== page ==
Criminalizing, detaining, killing and dismissing Oromo students in Ethiopian Universities
Photo: one of oromo university students killed by the TPLF regime
I am writing this article to remind the world, particularly Human rights groups, to pay more attention and stop the rising gross violations of human right against Oromo students in Ethiopian Universities.
The history of discriminating and attacking Oromo students has extended over four decades now. My interest here is not to cover the plights of Oromo students over this length of time but it is to illustrate when, how and why the Ethiopian state attacks Oromo students on campuses. Especially, ever since the minority regime has ascended to power via undemocratic means in 1991, targeting Oromo students as ‘enemies’ of the state has been increasing every year.
I will use a few instances from 2008 to illustrate the nature of the tactics the government uses to demoralize and to disrupt students from focusing on their educational goals. On January 1, over 200 Oromo students were arrested and a few sustained injuries from live ammunitions. This happened at
People everywhere do not choose what tribe, what race they want to be born and be. It is just natural; you are one or the other. But in
The other form of human rights violation against Oromo students takes a form of arbitrary complete academic dismissals. As an example for this, on the 18 January 12 Oromo students were given complete dismissals at
The other form that the attacks against Oromo students take is provocation by students affiliated ethnically and politically to the state. These provocations mostly come by calling Oromo students derogatory names that dehumanizes and insults their tribe, Oromo. This has been a major cause of exchange and fight between tribally divided students. Then, security forces intervene in favor of students affiliated to ruling party and again Oromo students are victimized. The justification is simple. University administrators together with security forces, pull out one phrase “Member of Oromo Liberation Front’. To a worrying degree, this has been going on viciously.
What happens once Oromo students arrested?
If it is a mass arrest in several hundreds, the majority will be suspended for one year from their school, a few others given academic dismissals, and a few will be thrown behind bars without access to fair trial for unlimited period of time. Of course, some unfortunate ones are shot dead at the early stage of unrest.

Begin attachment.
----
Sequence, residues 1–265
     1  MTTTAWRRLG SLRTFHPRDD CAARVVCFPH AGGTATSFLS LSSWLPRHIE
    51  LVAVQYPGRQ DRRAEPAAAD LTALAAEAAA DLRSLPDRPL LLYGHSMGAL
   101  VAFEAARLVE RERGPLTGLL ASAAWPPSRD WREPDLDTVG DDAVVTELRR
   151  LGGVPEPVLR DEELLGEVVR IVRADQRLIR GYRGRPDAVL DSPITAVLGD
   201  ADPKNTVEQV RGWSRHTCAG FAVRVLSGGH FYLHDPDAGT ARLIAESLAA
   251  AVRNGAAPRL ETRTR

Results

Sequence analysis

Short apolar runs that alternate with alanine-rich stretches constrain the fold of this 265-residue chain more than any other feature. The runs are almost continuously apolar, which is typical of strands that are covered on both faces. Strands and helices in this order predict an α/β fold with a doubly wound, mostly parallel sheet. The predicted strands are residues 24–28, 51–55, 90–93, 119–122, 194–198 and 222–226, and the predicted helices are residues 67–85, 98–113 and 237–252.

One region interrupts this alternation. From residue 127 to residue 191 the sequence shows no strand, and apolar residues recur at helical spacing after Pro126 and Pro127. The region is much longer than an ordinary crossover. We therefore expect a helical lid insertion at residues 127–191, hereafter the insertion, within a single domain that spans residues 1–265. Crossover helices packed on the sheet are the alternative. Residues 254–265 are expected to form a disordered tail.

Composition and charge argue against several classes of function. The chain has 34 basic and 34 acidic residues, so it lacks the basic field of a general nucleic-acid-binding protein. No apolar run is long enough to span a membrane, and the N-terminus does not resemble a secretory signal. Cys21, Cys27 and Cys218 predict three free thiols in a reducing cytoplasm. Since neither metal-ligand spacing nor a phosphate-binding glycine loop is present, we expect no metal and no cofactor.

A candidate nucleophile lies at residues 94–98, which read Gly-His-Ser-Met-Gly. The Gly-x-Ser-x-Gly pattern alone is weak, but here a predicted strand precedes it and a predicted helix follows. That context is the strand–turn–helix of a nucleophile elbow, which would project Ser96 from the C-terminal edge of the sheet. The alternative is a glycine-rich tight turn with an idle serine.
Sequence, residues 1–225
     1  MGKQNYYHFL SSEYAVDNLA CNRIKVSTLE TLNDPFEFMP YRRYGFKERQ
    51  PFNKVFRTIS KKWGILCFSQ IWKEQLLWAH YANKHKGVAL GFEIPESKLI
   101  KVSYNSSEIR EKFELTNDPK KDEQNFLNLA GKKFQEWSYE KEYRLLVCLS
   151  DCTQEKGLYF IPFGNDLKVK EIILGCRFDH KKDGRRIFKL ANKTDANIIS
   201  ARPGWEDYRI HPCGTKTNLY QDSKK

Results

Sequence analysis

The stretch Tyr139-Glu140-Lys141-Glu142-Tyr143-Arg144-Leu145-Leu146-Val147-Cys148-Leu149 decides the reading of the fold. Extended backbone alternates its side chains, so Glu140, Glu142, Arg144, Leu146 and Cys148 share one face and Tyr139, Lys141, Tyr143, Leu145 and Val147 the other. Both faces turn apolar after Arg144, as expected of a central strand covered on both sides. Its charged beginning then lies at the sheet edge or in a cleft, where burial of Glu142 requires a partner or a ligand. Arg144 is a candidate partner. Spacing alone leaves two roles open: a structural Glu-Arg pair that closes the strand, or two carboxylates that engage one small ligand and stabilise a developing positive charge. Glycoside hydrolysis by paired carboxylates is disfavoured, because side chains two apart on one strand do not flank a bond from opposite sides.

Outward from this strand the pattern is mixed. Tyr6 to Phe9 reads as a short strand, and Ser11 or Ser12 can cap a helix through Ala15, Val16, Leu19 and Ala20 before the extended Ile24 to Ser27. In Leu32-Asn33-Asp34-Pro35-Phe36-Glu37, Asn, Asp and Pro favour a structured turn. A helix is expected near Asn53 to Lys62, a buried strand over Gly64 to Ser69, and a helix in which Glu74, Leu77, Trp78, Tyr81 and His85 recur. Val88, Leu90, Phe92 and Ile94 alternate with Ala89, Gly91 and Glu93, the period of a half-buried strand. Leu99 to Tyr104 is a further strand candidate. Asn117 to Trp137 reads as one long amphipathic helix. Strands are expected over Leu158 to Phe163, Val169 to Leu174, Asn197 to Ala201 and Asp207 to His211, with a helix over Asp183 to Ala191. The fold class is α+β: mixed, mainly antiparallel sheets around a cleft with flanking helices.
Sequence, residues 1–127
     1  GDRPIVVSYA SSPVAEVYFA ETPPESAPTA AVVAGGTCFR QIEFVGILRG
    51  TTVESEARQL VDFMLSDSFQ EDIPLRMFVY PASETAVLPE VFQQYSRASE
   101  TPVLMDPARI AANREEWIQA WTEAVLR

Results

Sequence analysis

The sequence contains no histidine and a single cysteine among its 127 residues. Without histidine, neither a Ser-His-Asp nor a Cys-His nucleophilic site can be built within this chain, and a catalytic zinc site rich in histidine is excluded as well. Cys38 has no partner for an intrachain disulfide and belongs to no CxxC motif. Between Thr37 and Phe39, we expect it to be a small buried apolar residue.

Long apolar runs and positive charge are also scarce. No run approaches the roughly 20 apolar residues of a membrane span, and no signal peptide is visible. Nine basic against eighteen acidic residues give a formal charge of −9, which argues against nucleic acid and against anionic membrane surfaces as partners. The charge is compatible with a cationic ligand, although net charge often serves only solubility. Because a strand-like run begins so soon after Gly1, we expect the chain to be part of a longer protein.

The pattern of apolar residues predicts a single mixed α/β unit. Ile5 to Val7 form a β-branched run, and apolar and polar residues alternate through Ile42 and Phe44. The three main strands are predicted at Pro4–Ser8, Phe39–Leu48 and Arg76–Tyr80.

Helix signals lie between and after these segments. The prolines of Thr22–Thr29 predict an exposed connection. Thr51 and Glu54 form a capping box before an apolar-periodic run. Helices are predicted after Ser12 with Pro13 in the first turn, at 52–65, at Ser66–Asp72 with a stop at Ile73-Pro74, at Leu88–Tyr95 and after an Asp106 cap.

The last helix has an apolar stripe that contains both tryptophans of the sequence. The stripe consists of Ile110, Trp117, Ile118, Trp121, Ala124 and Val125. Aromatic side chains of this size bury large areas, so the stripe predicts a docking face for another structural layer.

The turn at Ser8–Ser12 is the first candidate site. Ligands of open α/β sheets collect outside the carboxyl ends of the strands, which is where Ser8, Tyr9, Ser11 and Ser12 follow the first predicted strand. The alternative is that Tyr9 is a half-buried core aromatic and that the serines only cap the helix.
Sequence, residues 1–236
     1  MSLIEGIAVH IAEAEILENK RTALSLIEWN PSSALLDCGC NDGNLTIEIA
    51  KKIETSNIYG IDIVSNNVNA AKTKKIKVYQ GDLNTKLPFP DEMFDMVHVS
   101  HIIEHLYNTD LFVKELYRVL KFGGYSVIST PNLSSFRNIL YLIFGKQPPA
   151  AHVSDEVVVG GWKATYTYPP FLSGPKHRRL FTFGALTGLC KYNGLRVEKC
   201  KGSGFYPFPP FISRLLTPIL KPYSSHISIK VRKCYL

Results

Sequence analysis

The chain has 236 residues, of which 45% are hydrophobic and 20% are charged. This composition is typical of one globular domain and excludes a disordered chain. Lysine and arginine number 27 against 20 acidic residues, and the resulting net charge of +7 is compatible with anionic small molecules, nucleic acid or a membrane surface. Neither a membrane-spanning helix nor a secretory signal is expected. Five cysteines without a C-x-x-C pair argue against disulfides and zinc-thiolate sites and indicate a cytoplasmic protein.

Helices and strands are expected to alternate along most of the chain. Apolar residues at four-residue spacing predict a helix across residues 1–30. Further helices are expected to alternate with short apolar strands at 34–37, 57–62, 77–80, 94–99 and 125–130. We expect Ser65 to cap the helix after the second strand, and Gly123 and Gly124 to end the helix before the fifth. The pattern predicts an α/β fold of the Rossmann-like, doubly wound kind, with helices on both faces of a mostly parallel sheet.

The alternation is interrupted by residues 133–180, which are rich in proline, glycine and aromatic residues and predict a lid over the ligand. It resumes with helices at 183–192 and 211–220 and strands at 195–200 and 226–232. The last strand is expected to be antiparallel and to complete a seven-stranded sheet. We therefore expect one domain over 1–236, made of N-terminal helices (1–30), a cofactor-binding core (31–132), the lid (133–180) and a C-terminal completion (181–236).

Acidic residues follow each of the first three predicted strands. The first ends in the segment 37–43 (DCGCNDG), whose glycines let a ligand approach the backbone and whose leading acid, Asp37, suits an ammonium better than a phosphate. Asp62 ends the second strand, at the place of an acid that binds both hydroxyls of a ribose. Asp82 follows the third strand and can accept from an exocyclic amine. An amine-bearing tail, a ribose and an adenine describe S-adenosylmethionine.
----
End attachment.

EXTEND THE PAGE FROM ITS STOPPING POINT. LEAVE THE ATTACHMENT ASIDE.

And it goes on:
When do attacks take place? They happen usually one or two weeks before final examinations. While students who are by origin from the Prime Minister’s tribe got to study for their exams undistracted, Oromo students are often traumatized by the knowledge that they can’t take their exams or don’t have enough time to study if they are released 2 days before exams.
Implications of the plights
Trauma caused at once will have a lasting impact of demoralizing the Oromo students as a result of which one may expect a decline in their academic performance. Besides this psychological warfare, Oromo students sustain bodily injuries and some will die. This would affect their poor parents who have had a dream of seeing their son, daughter finish University and help them alleviate their poor living conditions. If these attacks happen only once to all groups of students, it can be called an accident. But given the increasing gross violations against Oromo students from year to year, the state bears the responsibility for this.
Call on the FDRE and
It is incumbent on the Prime Minister’s office to stop making the universities battle grounds and instead making them where every Ethiopian child regardless of its ethnic origin enjoys full academic privileges/the rights to education. Exclusively detaining, killing and dismissing Oromo students while other students learn undisturbed are dangerous scenarios which can further divide the already divided Ethiopian people. Students come to universities for books and not for bullets.
Call on the Human Rights Watch Groups and the International Community I personally appreciate the reports that have so far been produced on human rights abuses in
has a substantial impact on making Ethiopia move towards reconciliation and ‘true’ freedom and democracy. Democratizing and stabilizing